Eating Like a Frenchman at the New York World’s Fair

We chatted with the New York Public Library to find out more about this 1939 World’s Fair photo.

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Grover Whalen carving meat at the opening of the a World’s Fair restaurant, Brass Rail. Photo credit: New York Public Library

You may have heard that the New York Public library just made 180,000 images available for public use — thanks guys! It’s an incredible online rabbithole, perfect for people with boring desk jobs. Backstage photos of Broadway musicals, illustrations of Norwegian nobility, pictures of goats. You want it, they probably got it.

For our upcoming Drinks issue, we’re diving deep into one booze-related image from the collection, giving it historical context and having some fun in the process. Which image? Well, you’ll just have to pick up a copy of the mag (on streets mid-February). My only hint — it’s a photo from the 1939 World’s Fair.

To glean information, we talked to the eminently helpful Thomas Lannon, manuscripts and archives curator at NYPL. In the process of learning about our chosen photo, we covered a lot of ground about the World’s Fair, it’s dining options and its celebration of industrial food.

Here is an excerpt of our conversation, edited for flow and clarity:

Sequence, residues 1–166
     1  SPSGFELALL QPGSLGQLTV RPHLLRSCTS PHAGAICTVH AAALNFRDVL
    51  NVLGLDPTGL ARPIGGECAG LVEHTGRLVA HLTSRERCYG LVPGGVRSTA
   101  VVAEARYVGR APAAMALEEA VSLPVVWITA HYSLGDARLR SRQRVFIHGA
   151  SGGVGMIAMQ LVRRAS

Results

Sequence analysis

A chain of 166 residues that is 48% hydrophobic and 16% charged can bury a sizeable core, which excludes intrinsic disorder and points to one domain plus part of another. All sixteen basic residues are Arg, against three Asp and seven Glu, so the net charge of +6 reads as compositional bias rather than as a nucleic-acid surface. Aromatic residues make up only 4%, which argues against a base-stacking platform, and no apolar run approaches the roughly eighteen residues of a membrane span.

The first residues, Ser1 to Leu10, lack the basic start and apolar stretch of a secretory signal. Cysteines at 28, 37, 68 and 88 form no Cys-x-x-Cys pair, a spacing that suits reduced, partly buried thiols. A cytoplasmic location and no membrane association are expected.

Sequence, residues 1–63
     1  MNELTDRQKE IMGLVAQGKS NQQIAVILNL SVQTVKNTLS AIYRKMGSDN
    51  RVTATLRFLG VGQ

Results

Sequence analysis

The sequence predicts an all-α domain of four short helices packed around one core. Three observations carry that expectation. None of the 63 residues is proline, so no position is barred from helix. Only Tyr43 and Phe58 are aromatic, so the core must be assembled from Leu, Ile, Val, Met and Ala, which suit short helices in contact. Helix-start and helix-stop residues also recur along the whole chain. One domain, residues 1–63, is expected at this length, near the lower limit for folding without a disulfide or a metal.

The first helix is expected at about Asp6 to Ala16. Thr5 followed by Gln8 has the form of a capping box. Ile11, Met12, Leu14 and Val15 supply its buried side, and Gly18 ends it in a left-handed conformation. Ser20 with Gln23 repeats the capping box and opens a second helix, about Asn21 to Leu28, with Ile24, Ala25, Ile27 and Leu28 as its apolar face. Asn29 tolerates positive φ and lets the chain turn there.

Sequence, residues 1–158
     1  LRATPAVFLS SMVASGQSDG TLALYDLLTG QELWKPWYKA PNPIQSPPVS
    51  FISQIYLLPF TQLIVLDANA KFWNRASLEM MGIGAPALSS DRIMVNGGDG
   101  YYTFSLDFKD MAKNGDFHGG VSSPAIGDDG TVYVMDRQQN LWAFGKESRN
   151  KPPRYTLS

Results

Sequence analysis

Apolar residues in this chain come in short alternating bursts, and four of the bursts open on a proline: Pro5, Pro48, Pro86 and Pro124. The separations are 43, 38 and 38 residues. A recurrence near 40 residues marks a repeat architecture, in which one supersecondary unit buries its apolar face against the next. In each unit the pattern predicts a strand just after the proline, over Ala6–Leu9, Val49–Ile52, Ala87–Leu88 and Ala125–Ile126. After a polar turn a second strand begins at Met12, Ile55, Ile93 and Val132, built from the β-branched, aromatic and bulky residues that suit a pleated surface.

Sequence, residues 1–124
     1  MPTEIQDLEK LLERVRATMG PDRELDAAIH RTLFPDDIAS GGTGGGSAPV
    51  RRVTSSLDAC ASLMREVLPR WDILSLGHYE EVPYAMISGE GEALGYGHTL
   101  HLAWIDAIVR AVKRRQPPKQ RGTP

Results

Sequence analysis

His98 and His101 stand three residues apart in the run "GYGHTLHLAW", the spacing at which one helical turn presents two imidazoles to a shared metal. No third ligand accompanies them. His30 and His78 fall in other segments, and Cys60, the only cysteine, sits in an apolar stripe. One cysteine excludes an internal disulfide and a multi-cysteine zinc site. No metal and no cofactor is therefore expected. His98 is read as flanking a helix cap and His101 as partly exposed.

Edible Brooklyn: There were many food options at the fair, correct?
Thomas Lannon: Yes, there was a big area with many options for eating and drinking. There was a restaurant sponsored by Heineken with a big windmill. There was a very large beer hall. There was a place called Old New York that was like a fake re-creation of a restaurant from the 1890s.

EB: Culinary historians have written a lot about changes the fair brought to American dining. Can you talk about that?
TL: Well you’ve certainly heard about how it was a big moment for French cuisine in the U.S. There were so many options at the fair — it was a time when regular, working-class people were first introduced to cuisine from around the world. Now it wasn’t just people from the Upper East Side who could eat French food; people from Queens or Long Island could get in on it too. It wasn’t just France either — there was food from Argentina, Sweden, you name it. William Grimes has written some interesting stuff about that.

EB: So everyone got to try some fancy food.
TL: Well they also sold 15 million hot dogs and 15 million hamburgers in the two years it was open. So not everything was highbrow.

EB: What about food education exhibits?
TL: There was a whole separate section called Food Zone that celebrated things like industrial bread and condensed milk. We were very proud of how America was producing things faster and better then ever before; we celebrated things we would not celebrate today. There was a big Heinz dome (they gave away pickle pins). There was a big Borden milk building, where you could see cows get milked. Even American Tobacco and General Cigar sponsored parts of the Food Zone — that should tell you something.

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Jesse Hirsch

Formerly the print editor of Edible Brooklyn and Edible Manhattan, Jesse Hirsch now works as the New York editor for GOOD magazine.